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How Green is Your Christmas Tree?

Have you ever stopped to think how fresh-cut Christmas trees impact the environment, or wondered if an artificial tree would be more “green?” How about a living Christmas tree?

Here are some things to ponder in the real versus fake debate:

An average six-to-seven-foot tree takes about 11 years to go from seed to harvest. During that time, trees are treated with chemical fertilizers and pesticides. Gas-powered tools prune and shape them into the even shapes we prize – and then cut them down.

Most of the trees sold in our area are grown on farms, mainly in North Carolina and in Canada. Trucks that bring them to local nurseries and corner lots start spewing diesel fumes up and down the interstates in September.

When the holidays are over, trees pile up curbside for disposal. Where they end up depends on the local department of public works. If it’s picked up with the regular garbage, the tree will go to a landfill. Some towns compost trees. Homeowners with large yards can dump the tree in the woods and letting nature take its course.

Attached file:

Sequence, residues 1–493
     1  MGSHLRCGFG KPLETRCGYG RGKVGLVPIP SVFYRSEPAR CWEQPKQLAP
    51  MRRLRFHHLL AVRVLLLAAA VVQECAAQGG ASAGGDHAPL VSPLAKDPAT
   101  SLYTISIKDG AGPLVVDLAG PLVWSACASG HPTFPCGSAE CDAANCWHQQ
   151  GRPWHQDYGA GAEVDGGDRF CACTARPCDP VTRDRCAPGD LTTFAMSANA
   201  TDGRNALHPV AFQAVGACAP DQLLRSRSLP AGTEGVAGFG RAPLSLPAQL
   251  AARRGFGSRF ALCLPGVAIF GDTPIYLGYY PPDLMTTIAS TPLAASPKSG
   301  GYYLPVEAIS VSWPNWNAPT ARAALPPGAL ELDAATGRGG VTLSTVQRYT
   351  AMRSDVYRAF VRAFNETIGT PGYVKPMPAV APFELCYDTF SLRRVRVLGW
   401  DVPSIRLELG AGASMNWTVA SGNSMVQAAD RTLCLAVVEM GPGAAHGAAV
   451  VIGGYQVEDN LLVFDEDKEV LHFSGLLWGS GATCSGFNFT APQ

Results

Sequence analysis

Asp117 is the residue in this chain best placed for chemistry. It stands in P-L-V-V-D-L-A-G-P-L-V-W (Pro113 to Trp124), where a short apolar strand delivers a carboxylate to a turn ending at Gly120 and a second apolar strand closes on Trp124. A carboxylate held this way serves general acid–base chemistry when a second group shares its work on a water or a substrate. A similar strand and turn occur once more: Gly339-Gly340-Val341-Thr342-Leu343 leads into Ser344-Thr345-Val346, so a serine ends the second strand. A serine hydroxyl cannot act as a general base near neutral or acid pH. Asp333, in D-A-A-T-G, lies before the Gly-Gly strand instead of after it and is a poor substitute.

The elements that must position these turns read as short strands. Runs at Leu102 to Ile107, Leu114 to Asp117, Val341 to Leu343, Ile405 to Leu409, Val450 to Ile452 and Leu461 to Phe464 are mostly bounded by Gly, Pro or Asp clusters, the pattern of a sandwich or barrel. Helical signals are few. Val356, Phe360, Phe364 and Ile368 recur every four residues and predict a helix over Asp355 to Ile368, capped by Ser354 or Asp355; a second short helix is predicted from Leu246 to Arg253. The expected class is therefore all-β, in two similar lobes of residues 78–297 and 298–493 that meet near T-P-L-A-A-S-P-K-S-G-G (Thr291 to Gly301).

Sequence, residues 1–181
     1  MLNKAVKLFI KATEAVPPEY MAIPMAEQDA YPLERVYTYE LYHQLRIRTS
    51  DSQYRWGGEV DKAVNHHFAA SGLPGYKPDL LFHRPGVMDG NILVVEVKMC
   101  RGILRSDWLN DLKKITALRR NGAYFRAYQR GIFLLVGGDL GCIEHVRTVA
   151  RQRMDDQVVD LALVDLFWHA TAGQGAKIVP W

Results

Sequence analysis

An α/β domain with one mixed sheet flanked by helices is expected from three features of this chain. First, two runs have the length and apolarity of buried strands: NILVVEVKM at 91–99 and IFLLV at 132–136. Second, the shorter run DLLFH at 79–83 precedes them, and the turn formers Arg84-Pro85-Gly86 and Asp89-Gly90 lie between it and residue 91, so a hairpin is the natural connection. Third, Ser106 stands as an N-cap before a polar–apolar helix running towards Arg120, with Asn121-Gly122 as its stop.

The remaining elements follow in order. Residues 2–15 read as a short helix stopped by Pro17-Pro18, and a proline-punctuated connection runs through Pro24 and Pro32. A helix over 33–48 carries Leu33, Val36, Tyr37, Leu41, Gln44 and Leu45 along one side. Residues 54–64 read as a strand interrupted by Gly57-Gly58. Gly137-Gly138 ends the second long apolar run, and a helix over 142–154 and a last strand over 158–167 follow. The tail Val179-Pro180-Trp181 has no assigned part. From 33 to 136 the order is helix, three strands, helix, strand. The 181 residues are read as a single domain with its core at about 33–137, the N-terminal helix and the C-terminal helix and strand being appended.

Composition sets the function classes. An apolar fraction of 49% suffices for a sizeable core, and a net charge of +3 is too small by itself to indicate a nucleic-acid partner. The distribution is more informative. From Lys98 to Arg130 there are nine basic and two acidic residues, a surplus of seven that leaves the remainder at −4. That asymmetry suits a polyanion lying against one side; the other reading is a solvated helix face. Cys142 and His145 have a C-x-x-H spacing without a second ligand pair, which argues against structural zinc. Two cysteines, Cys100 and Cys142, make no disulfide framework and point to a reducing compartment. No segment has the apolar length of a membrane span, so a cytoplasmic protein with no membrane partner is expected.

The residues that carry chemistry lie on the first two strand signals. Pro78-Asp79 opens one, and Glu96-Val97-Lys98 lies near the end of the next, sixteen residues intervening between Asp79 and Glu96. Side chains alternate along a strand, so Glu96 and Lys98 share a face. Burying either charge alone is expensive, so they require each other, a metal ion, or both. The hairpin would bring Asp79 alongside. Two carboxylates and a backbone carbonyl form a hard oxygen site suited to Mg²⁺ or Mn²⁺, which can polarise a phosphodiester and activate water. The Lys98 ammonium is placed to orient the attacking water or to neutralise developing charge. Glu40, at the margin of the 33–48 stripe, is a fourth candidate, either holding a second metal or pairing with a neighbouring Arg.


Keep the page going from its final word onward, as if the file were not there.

Artificial Christmas trees are made mostly in China from metal and plastic, principally Polyvinyl chloride (PVC). The best trees have dense branches with realistic-looking needles and include lighting. They can cost a few hundred dollars.

A typical artificial tree comes in three parts that snap together. Provided it’s not damaged, a fake Christmas tree will last for many years and can be recycled when it is discarded.

The third and by far greenest option is a living Christmas tree . But there are some drawbacks. A six-foot tree with its root ball weighs around 250 pounds, according to Roger Cook, landscape contractor for “ This Old House ” magazine. Getting it in and out of the house can be a challenge. And a living tree cannot survive for more than a week inside a warm home, especially with lights wrapped around it. Then it must be taken back outside and planted in the ground, which could be tricky if it’s snowing or the ground has frozen.

What type of Christmas tree do you have in your house? I’d love to hear from you.

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